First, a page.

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OVERVIEW

Water New water infrastructure is being built

SECTOR INSIGHT • The fifth phase of the N o r t h er n A qu e du c t Augmentation project has begun.

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he area north of the Durban central business district is one of the fastest-growing urban areas in South Africa, with a number of large office and accommodation projects going ahead simultaneously. This is obviously a welcome development for the economy, but the new buildings also create pressures on infrastructure. The multi-year, R250-million Northern Aqueduct Augmentation project was initiated in 2014 and the fifth phase of the project has recently begun. This will provide water for Durban North, Umhlanga, Newlands, KwaMashu, Phoenix and Cornubia. It is intended to be complete by the end of 2019. Apart from a number of pipelines that will serve these growing areas, a bridge across the Umgeni River will be constructed. Bosch Projects is responsible for design for eThekwini Water and Sanitation (EWS) and Gibb is doing the environmental impact assessment. JSE-listed civil engineering and construction group Esor has several pipelaying contracts within the overall project. One of the many challenges faced by the South African water sector is a shortage of engineers. A study jointly commissioned by the Water Research Commission and the South African Local Government Association (SALGA) found that the country's four-in-a-million ratio of engineers is a long way from the required 50-per-million. Umgeni Water, the province’s biggest water utility, has launched the Adopt-a-River Project, which aims to keep rivers clean, raise awareness and create jobs. The first phase of the Spring Grove Dam in the Mooi

ONLINE RESOURCES Mhlathuze Water: www.mhlathuze.co.za National Department of Water and Sanitation: www.dwa.gov.za Umgeni Water: www.umgeni.co.za Water Balance Programme: www.wwf.org.za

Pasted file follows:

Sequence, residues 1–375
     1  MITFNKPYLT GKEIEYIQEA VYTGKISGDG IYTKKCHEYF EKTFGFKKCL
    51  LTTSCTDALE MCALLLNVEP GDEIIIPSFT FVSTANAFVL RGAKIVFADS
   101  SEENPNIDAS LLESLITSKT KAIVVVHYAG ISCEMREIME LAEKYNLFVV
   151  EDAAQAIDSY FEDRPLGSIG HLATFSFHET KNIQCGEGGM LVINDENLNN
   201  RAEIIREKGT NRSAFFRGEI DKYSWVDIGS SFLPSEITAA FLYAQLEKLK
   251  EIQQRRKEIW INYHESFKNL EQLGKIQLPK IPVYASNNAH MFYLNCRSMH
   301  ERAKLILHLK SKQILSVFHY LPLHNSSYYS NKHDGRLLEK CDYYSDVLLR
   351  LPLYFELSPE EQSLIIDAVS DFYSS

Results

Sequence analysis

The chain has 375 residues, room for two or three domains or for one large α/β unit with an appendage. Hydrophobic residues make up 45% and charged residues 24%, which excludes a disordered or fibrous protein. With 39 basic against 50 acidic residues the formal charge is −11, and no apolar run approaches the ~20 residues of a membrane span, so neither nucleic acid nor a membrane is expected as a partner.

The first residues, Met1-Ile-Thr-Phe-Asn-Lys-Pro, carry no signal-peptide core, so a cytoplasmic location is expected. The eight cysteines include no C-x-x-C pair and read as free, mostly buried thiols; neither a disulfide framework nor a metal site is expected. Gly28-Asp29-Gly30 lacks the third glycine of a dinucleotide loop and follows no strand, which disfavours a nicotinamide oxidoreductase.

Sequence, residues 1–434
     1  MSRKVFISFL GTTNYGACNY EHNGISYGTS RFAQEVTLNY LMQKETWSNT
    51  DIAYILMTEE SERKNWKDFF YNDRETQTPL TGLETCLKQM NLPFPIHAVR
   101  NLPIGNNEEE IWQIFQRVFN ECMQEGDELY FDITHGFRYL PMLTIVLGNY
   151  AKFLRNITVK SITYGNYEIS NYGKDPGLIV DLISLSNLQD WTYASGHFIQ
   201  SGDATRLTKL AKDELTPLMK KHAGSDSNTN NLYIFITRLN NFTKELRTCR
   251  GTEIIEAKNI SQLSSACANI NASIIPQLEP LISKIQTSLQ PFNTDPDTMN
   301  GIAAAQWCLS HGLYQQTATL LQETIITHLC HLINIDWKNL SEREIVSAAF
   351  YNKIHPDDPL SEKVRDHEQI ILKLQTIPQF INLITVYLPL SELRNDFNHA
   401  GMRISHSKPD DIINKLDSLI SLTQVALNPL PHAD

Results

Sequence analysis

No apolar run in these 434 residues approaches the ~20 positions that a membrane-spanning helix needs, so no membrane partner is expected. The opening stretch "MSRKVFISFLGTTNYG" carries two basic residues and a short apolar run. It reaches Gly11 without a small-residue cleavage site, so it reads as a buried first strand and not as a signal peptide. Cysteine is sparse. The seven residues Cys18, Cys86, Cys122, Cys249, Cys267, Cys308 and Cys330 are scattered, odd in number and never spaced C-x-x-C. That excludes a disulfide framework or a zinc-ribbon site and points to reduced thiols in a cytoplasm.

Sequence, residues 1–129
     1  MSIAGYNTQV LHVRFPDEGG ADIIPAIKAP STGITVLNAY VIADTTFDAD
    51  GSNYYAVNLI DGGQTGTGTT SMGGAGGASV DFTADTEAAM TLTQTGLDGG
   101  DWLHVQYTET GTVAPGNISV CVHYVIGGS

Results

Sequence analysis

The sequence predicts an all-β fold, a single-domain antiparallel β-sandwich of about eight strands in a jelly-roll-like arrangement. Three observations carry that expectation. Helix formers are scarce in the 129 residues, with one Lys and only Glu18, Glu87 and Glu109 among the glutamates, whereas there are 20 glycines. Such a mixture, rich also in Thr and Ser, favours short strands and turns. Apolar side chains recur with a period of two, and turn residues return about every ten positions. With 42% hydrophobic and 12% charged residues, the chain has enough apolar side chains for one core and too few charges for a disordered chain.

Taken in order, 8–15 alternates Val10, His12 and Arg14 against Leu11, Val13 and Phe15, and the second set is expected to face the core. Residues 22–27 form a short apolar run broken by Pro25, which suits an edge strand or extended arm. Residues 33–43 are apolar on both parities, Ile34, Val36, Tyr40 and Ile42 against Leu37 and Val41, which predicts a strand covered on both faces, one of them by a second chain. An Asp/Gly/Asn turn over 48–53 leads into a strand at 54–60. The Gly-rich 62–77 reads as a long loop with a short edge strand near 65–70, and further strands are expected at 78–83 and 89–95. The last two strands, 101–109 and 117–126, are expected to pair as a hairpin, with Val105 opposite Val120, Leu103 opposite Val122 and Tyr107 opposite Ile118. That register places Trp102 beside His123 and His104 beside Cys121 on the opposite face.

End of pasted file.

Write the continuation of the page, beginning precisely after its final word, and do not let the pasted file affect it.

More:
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River area has been completed on schedule and has increased water supplies in the Umgeni River catchment area. Spring Grove takes to five the number of dams in the MooiMgeni system (including Midmar, Albert Falls, Nagle and Inanda dams), which serve more than five-million people in Durban, Pietermaritzburg and surrounding towns. When Spring Grove is complete, the total system yield will rise to 394-million m3/year. A new dam is being built at Smithfield and the wall of the Hazelmere Dam is being raised to increase capacity. A new reservoir (Waterloo) near the King Shaka International Airport, and serving this northern area, has been constructed as part of the master plan that will see water delivered to this reservoir from the Northern Aqueduct Augmentation project. The Western Aqueduct project (valued at R864-million) and the associated Northern Aqueduct Augmentation project will inject water into the rapidly developing area north of Durban. The Tugela Bulk Water Scheme (valued at R1.4-billion) will supply water to KwaZulu-Natal's North Coast.

KWAZULU-NATAL BUSINESS 2018/19

KwaZulu-Natal Business 2018/19  

The 2018/19 edition of KwaZulu-Natal Business is the 10th issue of this highly successful publication that, since its launch in 2008, has es...

KwaZulu-Natal Business 2018/19  

The 2018/19 edition of KwaZulu-Natal Business is the 10th issue of this highly successful publication that, since its launch in 2008, has es...

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